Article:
July 2010

Georiders - Mountain Biking in the Republic of Georgia

When I was travelling in India in 2009, I often dreamt of going back to Georgia and doing loads of mountain biking. I wanted to get involved in the local biking community and contribute. Back in Georgia, I was lucky to meet some local mountain bikers. I didn't expect to find them because I thought that the cycling wasn't very popular in Georgia and people seemed much keener on burning about in tinted windowed Mercedes and BMWs. How things have changed though! - at least for the burgeoning cycling and mountain biking community. I met David, and Merabi and they knew many routes around Tbilisi and further afield in Georgia. I was thrilled at the prospect of exploring some of the country with them.



Georgia, Khevsureti - October 2009 - Caucasus mtb ride (24)

A bike trip in Khevsureti

Georgia, Khevsureti - October 2009 - Caucasus mtb ride (30)

Descending from the Shatilli pass at dusk

Read the full blog post about the Khevsureti bike ride. I accompanied them on many bike rides local to Tbilisi and further afield. Georgia is an ideal destination for mountain biking. It has mountains and trails right next to the city and the Caucasus mountain range only a short drive (or cycle) away. David told me he had occasionally taken out groups of tourists on bike tours so I offered to build a website (http://www.mountainbiking.ge) 'Georiders' - with the idea of further helping to promote the mountain biking community and attracting more people to visit Georgia and go biking. The website has gradually grown in popularity and receives an increasing amount of interest. Recently David sent me a couple of videos where Georiders has appeared in the Georgian and Russian press:- If you would like to visit Georgia and book a bike tour please contact David and Merabi on georidersmtb@gmail.com or visit the website at http://www.mountainbiking.ge. If you would like to work for Georiders and contribute to this growing mountain biking collective please contact us! We are looking for an additional volunteers to help develop the website, marketing, guiding, training, and exploring new routes. If you live in Georgia and ride there or have been biking there before and have photos or video footage we can add it to the flickr and Youtube accounts.

Mongolia Mountain Biking Adventure - Some thoughts in retrospect

Yesterday I cycled 140km from Dover to Central London where I now reside. I've had a lot of time to digest the brilliant travel experience I've had in the last 2 months.
Mongolia - Some photo highlights (6)

The Mongolian countryside was epic

The relative shortness of the Mongolia trip compared to previous trips has not made it feel less worthwhile. On the contrary the trip has rejuvenated my interest in cycling and bike touring. In a world of morally-questionable marketing, quick fix solutions and weird politics it is reassuring that old fashioned adventure, not overly prepared for, infused with a willingness to take risks and a venture out of one's comfort zone is a recipe for a hugely satisfying experience. It was relatively easy to make the trip happen and it was surprisingly simple to organise visas. The Russian visa was received through Real Russia who were expensive but effective. The Mongolian visa was issued hassle free in Ulan Ude, a Russian town close to the Mongolian capital Ulaan Baatar, and we extended it to 2 months on arrival in the the capital. The bikes that Tom and I used are near spot on for adventure cycling. Tom's frame, the Kona Explosif benefits over the Caldera because it is steel and has burlier horizontal dropouts. Horizontal drop-outs allow for the bike to be easily converted to a singlespeed if necessary. My Kona Caldera frame suffered from a bent rear gear hanger after the rear mech hit a rock. The gear hanger is replaceable but it's not ideal to have to carry spares or try to bend a piece of aluminium back into shape. Aluminium tends to being brittle and snap the more you bend it whereas steel is more malleable.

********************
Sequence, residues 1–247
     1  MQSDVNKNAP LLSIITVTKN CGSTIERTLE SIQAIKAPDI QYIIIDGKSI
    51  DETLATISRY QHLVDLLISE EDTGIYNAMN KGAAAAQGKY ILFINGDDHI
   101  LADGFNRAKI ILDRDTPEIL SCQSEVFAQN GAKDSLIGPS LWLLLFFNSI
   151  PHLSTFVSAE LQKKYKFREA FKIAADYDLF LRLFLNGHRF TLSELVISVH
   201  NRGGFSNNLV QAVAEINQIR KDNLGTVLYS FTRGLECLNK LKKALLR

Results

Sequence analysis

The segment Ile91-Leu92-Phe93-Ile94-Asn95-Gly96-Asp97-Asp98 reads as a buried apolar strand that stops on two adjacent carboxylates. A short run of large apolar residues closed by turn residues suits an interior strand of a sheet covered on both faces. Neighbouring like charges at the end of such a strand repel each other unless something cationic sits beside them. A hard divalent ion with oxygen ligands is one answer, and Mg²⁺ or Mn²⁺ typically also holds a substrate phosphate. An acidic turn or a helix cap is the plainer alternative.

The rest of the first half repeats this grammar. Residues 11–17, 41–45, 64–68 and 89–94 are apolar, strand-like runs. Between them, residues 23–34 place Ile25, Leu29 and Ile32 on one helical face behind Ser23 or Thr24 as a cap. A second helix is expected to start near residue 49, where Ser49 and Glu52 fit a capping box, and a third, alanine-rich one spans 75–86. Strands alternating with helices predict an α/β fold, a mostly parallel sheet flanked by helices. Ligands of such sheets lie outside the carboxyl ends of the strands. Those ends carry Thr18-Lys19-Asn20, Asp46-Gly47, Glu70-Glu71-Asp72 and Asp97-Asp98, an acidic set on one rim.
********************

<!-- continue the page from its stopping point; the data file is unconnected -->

Mongolia - Some photo highlights (14)


Mongolia is best for cycling May to mid-June. By mid-June, we found there were many more mosquitoes and insects. However, if you are going to Mongolia and plan to travel to the mountains in the north, Lake Huvsgul is frozen over until around July if you were hoping for a proper swim or other watersports.
Mongolia - Some photo highlights (16)

Cold water didn't prevent us from going for a swim

Mongolia is ideal for bike touring if you want to make a trip which ventures off the roads as there are very few to begin with.You can venture on the main 4x4 tracks between cities or if you want more of a challenge then you can try the smaller routes into the mountain regions which offer a variety of tracks, topography and more sparsely available supplies. We found that people were never far away. Ger tents (mongolian traditional dwellings) would pop up in the middle of nowhere and we asked occupants for water and often were invited in for tea. People, as usual, were hospitable and willing to help.
Mongolia - Some photo highlights (3)

Tom goes for the impossible line down to the river

The possibilities of cycle touring really becomes apparent when you venture off the roads where cars and trucks can't go but bikes can. This last trip has rejuvenated my excitement about bike touring and re-affirms the bike as an ideal mode of transport for adventures!